Finally, I'd like to make another plug for my Launch Pad fundraiser. The application window is closing in a few days but the fundraiser will continue to collect donations up until the workshop starts in June. If you think keeping the science in science fiction as realistic as possible, then you should consider helping keep this workshop alive. Large donations are becoming harder to find and small fundraisers like the one I'm running are vitally important. If you want more information on this wonderful workshop, please let me know. I would be happy to discuss it with you.

You can easily donate any amount by going to: https://www.gofundme.com/launch-pad-workshop


Writing Groups

Up until recently, I've been going to the same writing group for nearly 5 years. Due to an unfortunate series of circumstances (bad weather, health of the group's founder, and a hacked computer) the group has fallen apart. I hadn't been to a meeting for about 3 months and when I finally had a chance to go, nobody showed up. I sent out an email and nobody seemed to know what was going on. This month, I went again and the only other person to appear was the group's founder. Her computer was hacked and she has had no access to her email account for some time. Unable to keep the group members informed, things fell apart. I fear the group is no more.

I've always enjoyed getting feedback from other writers. I've also tried out other writers groups. There is another one that meets at a library and yesterday I decided to go to that one. The location and timing are such that my wife cannot attend which is why I chose the other group over the one I attended yesterday. I've always learned something from the feedback I receive at a meeting and I believe it's important for a writer to get periodic feedback.

Choosing a writer's group is a personal choice. Some groups get together to talk about what's happening in the publishing world or just to discuss things like how to format a book, how to find an agent, or other topics. I prefer a group where a member reads something and the others comment on what was read. It's better if the group asks the writer to bring printed copies to comments can be returned to the writer for later reading. This type of constructive feedback along with the questions concerning the overall feel of the piece can help a writer improve. The key here is the feedback should be constructive. Instead of saying, "this sentence is garbage," the person thinking that should say instead, "I think this sentence could better be written as ...".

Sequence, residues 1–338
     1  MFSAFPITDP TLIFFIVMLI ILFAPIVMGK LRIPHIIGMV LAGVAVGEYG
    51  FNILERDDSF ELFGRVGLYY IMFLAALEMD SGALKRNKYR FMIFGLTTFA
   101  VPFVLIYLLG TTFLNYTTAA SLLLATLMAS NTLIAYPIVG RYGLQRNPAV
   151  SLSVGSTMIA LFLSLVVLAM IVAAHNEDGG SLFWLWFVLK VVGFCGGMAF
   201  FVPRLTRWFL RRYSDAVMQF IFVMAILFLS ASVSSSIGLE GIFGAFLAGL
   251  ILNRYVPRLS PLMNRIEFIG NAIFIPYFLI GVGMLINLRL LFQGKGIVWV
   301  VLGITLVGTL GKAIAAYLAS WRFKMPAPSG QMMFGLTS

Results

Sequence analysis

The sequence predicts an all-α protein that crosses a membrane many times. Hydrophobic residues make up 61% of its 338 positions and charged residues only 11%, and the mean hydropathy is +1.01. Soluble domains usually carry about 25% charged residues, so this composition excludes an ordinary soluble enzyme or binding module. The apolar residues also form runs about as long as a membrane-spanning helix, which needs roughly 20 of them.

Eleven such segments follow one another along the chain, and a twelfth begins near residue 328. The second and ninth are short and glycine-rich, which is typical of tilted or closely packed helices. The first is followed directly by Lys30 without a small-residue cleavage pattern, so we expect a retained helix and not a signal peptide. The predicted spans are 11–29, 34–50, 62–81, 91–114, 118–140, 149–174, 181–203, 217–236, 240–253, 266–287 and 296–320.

I took back 5 different sets of written comments on the short piece I brought. Many commented on the same parts of the text. When that happens, take note! That means there's something to be learned here. Read the comments carefully, think about them, and incorporate them into your writing skills. If only one person comments on a section, take that into consideration as well. Every comment is valid and a chance for even an experienced writer to learn.

The piece I brought was from Peacekeeper Pathogen. It had already been gone over twice. While the general feeling was it was good, the group did have some specific comments. Taking those comments to the bookstore afterward I quickly saw a pattern. I accepted most of the comments and made changes. I learned. Now, when I write and edit, that new knowledge will help me become a better writer. In fact, I will most likely go back and take another look at the entire manuscript knowing that my mind will see things differently.

Another way to learn how to write better is to read. Pick up a book from a well-known author and read it. Read it slowly. Identify the paragraphs and sentences that strike you as well-written. Even if you don't consciously see something, your brain is picking up on the writing style and learning. The trick is to read it slowly. If you find yourself picking up the pace because you are enjoying the book, then slow down. Savor the words. They didn't become well-known because their writing is bad!